Carbon Sequestration

Last Updated:
February 14, 2024
Carbon Sequestration explained
The transition to a low carbon economy is on every CEO's agenda nowadays. The impacts of climate change and responses to it will transform every business sector in the coming decades. Although Climate change will affect a majority of companies, all will be expected to contribute to its solution.
Nevertheless, it is challenging for most companies to devise and implement a credible decarbonisation strategy. The transition requires new ways of doing business, including new ways of displaying capabilities and resources and new ways of thinking. But despite the challenges, companies around the world are scaling up their decarbonisation commitments.
We can see this trend with the number of companies committing to reducing emissions. More than 2000 companies have confirmed emissions reduction targets under the Science Based Target initiative (SBTi). Additionally, more than 370 have committed to The Climate Pledge, pledging to achieve net zero emissions by mid-century or sooner.
For most companies and investors, carbon credits play a crucial role in their Net-Zero strategy. They allow companies to make earlier and more ambitious commitments. Credits allow companies to reduce their current emissions through offsets, while taking cost-effective steps to reduce future emissions through asset rotation and business model development. In the long term, credits can play an essential role in offsetting difficult-to-avoid emissions from products for which no low- or zero-emission options exist.
The growing interest in recent years is also reflected in the Voluntary Carbon Market (VCM), which organises the pledging and trading of carbon credits. In 2022, the demand for carbon credits is at its peak. Prices have increased by more than 140% since 2021 and forecasts assume that demand for credits will increase 15-fold by 2030, to $50 billion per year.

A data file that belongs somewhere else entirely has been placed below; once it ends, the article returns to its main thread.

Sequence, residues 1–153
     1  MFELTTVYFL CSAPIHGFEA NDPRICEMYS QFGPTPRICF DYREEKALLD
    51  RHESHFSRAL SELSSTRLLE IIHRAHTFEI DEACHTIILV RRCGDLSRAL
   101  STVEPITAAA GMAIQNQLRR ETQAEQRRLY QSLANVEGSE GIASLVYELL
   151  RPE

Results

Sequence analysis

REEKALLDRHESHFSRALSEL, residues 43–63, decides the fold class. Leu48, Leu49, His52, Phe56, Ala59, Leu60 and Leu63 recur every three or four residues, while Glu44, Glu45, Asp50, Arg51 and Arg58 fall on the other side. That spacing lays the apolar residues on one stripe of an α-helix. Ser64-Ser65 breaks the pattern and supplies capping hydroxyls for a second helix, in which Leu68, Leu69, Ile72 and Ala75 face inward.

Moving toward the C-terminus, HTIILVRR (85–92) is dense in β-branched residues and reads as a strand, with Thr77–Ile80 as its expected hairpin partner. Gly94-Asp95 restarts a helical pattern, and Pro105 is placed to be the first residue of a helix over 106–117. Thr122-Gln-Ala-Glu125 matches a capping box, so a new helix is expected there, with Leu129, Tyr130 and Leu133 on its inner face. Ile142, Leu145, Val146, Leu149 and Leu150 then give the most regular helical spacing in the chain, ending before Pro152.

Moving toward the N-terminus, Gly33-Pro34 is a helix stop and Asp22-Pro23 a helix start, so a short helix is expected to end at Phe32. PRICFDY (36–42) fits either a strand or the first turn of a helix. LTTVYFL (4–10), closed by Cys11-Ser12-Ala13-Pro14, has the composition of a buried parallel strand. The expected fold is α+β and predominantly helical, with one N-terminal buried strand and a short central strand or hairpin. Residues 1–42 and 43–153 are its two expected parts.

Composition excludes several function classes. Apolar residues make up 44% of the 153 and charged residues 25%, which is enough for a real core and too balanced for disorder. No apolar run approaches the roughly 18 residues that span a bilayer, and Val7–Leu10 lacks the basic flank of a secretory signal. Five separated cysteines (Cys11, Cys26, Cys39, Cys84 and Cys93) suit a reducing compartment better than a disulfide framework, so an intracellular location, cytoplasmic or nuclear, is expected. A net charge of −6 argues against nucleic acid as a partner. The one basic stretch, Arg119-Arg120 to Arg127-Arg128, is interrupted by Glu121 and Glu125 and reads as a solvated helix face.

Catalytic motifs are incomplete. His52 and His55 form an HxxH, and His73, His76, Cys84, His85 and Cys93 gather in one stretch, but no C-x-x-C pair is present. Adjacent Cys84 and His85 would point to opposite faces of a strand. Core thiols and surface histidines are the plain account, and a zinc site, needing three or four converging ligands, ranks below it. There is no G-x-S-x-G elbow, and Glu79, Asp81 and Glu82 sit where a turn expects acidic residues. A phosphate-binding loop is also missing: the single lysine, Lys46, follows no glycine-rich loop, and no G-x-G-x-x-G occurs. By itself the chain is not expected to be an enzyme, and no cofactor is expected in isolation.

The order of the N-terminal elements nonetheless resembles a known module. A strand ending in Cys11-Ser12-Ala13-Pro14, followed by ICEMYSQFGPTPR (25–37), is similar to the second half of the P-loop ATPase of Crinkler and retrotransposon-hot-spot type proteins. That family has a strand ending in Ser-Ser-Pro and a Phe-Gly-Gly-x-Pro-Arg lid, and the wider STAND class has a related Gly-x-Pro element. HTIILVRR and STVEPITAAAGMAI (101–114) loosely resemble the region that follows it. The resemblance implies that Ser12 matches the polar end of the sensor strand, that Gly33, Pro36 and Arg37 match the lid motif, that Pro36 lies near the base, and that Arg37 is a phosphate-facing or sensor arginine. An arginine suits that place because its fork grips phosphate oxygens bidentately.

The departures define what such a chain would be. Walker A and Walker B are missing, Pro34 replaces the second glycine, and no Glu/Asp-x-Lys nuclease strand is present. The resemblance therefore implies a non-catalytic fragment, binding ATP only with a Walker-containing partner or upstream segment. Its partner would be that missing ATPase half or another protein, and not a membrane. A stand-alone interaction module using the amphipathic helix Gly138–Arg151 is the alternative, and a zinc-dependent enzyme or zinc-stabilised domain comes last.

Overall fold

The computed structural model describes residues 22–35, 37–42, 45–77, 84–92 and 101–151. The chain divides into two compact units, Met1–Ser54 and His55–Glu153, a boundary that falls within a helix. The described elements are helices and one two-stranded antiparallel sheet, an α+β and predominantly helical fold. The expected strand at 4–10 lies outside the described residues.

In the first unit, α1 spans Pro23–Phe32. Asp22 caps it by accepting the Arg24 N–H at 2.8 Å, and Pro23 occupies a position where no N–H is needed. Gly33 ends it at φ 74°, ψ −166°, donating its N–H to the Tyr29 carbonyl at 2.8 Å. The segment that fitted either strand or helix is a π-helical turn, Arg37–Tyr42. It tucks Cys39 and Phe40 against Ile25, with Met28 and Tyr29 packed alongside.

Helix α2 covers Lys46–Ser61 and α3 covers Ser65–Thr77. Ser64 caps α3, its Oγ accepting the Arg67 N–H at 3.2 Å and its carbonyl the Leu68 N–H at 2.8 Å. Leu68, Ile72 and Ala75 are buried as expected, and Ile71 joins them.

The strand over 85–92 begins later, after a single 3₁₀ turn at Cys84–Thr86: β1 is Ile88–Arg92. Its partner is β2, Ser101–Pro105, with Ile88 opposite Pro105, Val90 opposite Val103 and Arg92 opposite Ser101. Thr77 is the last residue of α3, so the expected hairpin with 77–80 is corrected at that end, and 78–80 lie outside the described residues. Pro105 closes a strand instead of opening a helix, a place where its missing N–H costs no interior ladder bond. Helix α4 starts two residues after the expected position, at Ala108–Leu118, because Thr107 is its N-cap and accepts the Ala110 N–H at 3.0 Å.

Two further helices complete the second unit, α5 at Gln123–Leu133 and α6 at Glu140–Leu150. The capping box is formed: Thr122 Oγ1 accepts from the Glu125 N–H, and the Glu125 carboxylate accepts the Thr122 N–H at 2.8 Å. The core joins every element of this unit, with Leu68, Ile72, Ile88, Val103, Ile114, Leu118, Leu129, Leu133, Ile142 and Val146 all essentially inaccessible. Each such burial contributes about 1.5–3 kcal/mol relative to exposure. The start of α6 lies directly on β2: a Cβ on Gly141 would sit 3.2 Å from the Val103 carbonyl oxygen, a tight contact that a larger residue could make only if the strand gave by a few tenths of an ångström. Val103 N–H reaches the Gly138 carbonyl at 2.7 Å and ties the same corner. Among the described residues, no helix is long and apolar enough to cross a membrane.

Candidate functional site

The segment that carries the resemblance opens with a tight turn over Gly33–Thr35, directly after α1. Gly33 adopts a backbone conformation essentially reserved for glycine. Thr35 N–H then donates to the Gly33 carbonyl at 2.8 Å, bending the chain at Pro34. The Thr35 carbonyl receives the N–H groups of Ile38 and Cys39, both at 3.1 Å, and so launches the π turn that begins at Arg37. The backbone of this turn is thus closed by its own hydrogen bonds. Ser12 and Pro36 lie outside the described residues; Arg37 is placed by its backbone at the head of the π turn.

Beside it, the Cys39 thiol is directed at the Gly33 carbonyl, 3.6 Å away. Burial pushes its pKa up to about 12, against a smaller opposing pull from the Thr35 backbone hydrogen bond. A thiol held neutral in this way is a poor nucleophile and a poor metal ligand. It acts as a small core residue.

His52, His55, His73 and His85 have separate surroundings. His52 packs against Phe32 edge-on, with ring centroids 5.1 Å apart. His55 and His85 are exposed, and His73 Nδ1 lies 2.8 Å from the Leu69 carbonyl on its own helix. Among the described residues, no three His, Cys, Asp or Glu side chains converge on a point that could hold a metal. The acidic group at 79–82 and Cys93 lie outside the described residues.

But the voluntary carbon market has a problem. It cannot cope with demand. Access, which plays a crucial role in the global effort to combat climate change, is often limited to large organisations and is characterised by opaque pricing and market inefficiencies. Furthermore, due to a lack of transparency and credibility, it has faced a number of problems in recent years.
This report examines the key role for on-chain carbon credits as part of net zero strategies and the VCM. It was prepared by senken to help business decision makers identify and understand the best use of credits for their business.

What is Carbon Sequestration?

Carbon sequestration refers to the process of capturing and storing atmospheric carbon dioxide (CO2) in a different form. This process is essential in mitigating global greenhouse gas levels and thus plays a critical role in combating climate change. Carbon sequestration can occur both naturally and through artificial means.

Types of Carbon Sequestration:

  • Natural Carbon Sequestration: This process happens through biological activities, such as photosynthesis in forests, where trees and plants absorb CO2 and store it as biomass. Oceans also play a significant role in natural sequestration, absorbing CO2 from the atmosphere.
  • Artificial or Technological Carbon Sequestration: This involves human-engineered solutions to capture and store carbon. Techniques include carbon capture and storage (CCS), where CO2 emissions from industrial processes are captured and stored underground, and direct air capture (DAC), a technology that extracts CO2 directly from the atmosphere.

Importance of Carbon Sequestration:

  • Carbon sequestration acts as a fundamental mechanism in efforts to mitigate the effects of climate change by reducing the amount of CO2 in the atmosphere and storing it for a number of years.
  • Natural methods of carbon sequestration support biodiversity and provide valuable ecosystem services like clean air and water.
  • In artificial sequestration, technological advancements are expanding the potential for significant carbon capture and long-term storage, offering new solutions to help curb climate challenges in the long run.

Challenges in Carbon Sequestration:

  • Artificial sequestration methods, such as Enhanced Rock Weathering and Direct Air Capture, face challenges regarding high costs, energy requirements, and scalability.
  • There are concerns around the sustainability and environmental impact of certain sequestration methods, particularly those involving large-scale land use or ecosystem alterations.